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Fanbois vs fandroids: Punters display 'tribal loyalty'

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Does how you feel about your current smartphone really inform the handset you’ll acquire two, three or four years hence? The Yankee Group, a market watcher, thinks it might. And that’s good news for Apple. Possibly.

Apple currently sits just behind Google in the future purchasing stakes. According to Kantar Worldpanel ComTech, another market research firm, their US market shares are, respectively, 43.7 per cent and 49.3 per cent. Those numbers are for Q1 2013 and are derived from talking to thousands of smartphone buyers.

Yankee’s figures, likewise obtained by asking punters - 16,000 of them - puts Apple’s March 2013 share of the smartphone arena at 29 per cent and Android’s at 50 per cent. These amount to 20 per cent and 34 per cent of the overall mobile phone market in the States. Surely it’s a sign of Android’s rise and Apple’s descent, at least in terms of market share if not absolute sales figures?

Not so, says Yankee. It found that 91 per cent of iPhone owners it spoke to said they will buy another version when they upgrade their handset. Only 76 per cent of Android users made the same claim. 24 per cent of fandroids expect to move to another platform, they say - around 18 per cent of them to iOS. Extrapolating from these proclaimed levels of satisfaction with users’ current platforms, Yankee reckons that come 2016, Apple’s share of the US phone market will have grown to 37 per cent while Android’s will remain at 34 per cent.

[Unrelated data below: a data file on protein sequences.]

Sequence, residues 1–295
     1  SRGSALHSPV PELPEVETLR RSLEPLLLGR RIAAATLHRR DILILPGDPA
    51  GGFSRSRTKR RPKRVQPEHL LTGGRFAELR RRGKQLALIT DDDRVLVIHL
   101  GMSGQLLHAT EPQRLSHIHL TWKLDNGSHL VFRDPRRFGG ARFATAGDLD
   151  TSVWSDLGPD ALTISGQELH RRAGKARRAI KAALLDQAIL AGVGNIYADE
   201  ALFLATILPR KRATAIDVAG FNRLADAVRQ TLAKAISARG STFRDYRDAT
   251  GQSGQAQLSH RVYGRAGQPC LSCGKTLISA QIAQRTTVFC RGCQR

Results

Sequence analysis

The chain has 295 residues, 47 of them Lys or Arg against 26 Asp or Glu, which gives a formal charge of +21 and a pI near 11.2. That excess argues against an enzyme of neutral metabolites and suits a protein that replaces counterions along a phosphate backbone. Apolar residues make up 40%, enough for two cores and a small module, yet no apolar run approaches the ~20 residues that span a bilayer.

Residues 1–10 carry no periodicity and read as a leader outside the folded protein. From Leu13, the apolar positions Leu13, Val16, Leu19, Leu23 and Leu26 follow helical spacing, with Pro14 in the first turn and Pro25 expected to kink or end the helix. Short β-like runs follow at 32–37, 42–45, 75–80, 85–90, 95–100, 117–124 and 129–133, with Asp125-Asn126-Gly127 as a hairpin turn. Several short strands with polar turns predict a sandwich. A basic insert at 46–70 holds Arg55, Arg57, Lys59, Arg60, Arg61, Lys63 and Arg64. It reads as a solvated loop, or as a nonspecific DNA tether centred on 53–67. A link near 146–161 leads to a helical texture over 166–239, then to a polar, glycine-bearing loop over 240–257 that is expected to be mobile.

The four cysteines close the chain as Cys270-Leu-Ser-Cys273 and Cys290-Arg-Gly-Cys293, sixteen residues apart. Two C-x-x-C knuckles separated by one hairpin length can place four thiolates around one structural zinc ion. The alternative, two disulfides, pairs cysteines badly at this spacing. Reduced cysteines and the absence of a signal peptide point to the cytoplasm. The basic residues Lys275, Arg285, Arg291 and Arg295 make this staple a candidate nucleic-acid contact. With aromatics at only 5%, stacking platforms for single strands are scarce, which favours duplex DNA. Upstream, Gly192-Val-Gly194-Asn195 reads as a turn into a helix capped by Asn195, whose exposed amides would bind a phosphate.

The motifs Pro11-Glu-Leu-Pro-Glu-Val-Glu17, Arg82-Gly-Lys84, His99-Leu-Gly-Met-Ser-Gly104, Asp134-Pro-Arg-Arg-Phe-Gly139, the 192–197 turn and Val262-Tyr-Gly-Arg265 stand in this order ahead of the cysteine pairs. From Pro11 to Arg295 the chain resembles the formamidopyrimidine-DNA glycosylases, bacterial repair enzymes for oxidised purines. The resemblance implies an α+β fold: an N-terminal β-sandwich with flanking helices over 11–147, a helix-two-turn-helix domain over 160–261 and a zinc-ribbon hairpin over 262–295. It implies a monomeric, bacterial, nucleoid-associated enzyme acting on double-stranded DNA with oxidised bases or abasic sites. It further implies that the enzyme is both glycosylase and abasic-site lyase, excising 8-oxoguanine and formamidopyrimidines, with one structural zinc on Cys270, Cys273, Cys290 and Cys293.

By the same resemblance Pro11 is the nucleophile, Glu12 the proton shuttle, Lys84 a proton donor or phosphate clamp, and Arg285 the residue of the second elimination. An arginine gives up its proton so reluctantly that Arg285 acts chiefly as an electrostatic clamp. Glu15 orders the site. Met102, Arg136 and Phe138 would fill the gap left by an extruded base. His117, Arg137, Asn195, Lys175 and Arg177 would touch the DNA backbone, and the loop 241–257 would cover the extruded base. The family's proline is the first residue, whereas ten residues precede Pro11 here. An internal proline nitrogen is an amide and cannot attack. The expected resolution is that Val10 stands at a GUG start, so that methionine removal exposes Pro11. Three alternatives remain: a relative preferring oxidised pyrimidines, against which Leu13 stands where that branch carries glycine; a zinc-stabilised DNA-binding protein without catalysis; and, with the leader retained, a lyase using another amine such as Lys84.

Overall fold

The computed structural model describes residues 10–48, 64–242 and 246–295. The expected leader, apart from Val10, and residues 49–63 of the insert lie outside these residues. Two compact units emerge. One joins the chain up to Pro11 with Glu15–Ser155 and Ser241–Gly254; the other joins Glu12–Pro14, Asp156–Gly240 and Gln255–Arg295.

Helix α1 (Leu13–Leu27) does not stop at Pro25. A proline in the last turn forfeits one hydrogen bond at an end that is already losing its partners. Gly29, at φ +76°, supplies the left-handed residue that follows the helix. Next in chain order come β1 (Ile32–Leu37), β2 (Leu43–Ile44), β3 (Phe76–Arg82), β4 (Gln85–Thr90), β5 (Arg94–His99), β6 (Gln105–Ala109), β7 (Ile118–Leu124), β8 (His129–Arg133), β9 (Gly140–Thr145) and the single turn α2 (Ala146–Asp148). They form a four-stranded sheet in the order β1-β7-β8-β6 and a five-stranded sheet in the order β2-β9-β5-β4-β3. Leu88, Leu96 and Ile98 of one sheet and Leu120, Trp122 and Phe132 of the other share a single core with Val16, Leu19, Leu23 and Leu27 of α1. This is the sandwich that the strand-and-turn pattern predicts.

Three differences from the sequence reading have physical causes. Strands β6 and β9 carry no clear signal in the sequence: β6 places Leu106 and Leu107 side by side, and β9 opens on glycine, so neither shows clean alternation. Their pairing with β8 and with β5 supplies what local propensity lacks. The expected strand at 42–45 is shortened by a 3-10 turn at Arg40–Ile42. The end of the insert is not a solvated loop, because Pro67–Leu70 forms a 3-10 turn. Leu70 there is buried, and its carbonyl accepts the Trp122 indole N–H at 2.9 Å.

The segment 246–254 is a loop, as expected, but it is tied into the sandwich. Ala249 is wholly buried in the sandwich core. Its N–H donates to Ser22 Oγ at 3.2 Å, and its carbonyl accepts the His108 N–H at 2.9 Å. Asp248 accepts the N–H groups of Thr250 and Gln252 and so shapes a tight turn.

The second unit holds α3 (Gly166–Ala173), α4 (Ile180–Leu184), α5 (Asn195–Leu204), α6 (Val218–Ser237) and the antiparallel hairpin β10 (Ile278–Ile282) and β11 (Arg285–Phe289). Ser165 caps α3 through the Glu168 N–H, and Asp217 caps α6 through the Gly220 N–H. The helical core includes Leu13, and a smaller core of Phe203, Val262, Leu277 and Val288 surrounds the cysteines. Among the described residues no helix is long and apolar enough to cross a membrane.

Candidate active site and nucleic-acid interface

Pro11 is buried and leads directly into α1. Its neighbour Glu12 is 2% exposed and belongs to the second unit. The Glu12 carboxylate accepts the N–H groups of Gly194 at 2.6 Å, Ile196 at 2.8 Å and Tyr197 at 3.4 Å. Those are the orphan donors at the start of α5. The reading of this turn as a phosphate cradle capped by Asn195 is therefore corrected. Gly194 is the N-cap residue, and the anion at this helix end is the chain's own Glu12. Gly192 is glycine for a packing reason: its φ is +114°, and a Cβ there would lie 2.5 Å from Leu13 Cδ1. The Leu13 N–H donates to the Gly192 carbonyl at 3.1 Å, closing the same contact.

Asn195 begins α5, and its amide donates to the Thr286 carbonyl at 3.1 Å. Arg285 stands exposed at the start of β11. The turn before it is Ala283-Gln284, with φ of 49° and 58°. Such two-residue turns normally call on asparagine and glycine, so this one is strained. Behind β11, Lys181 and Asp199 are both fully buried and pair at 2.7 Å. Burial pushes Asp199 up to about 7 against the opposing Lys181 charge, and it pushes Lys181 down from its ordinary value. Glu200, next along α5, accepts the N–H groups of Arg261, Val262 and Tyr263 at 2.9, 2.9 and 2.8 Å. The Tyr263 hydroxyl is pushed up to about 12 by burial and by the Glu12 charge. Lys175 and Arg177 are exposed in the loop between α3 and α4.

Incidentally, BlackBerry’s share will have declined from three per cent now to two per cent by 2016, while Windows Phone’s share will have risen from four per cent to seven per cent over the same period. Other smartphone operating systems will still account for just over two per cent.

US smartphone purchases

US smartphone purchases. Source: Yankee Group

With Android’s share the same over the years, and others’ market share slightly up or down, where will Apple’s growth come from in this picture? Yankee reckons it'll draw from the number of folk who are still using ordinary phones. Come 2016, that group will account for only 15 per cent of phone owners - down from 32 per cent in 2013.

Looking at the smartphone market alone, that gives Android a 40 per cent share and Apple a 49 per cent share, so it’s not like Apple will have regained its once mighty domination of the market.

Buying intentions will only take you so far, of course. A punter might be very loyal to one platform now and be sure he (or she) will stick with it when they come to upgrade, but their ambitions may not take into account developments in smartphone technology in the coming years, how vendors promote and price their products, or even what their friends and family adopt. All these factors can make a mess of the best laid plans.

And folk coming to smartphones for the first time can have no brand loyalty to Android or iOS, of course.

Fanboys, then, shouldn’t assume that their favoured platform - whichever it happens to be - will dominate on the basis of these data. What we can say is that Android’s rapid rise over the past five years is historical fact, and it’s generally better to extrapolate from what people have done than what they might do. ®

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